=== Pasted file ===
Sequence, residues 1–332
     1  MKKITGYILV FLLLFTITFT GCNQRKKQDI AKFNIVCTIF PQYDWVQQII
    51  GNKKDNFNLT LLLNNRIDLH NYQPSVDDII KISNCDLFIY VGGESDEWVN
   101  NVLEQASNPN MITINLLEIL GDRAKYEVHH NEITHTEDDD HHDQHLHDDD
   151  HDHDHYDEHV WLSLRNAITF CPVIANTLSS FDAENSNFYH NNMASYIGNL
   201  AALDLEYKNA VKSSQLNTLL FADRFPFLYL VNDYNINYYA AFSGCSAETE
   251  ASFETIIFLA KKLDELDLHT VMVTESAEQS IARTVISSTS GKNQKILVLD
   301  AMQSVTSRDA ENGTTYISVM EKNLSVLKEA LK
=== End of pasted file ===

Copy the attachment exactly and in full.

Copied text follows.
Sequence, residues 1–332
     1  MKKITGYILV FLLLFTITFT GCNQRKKQDI AKFNIVCTIF PQYDWVQQII
    51  GNKKDNFNLT LLLNNRIDLH NYQPSVDDII KISNCDLFIY VGGESDEWVN
   101  NVLEQASNPN MITINLLEIL GDRAKYEVHH NEITHTEDDD HHDQHLHDDD
   151  HDHDHYDEHV WLSLRNAITF CPVIANTLSS FDAENSNFYH NNMASYIGNL
   201  AALDLEYKNA VKSSQLNTLL FADRFPFLYL VNDYNINYYA AFSGCSAETE
   251  ASFETIIFLA KKLDELDLHT VMVTESAEQS IARTVISSTS GKNQKILVLD
   301  AMQSVTSRDA ENGTTYISVM EKNLSVLKEA LK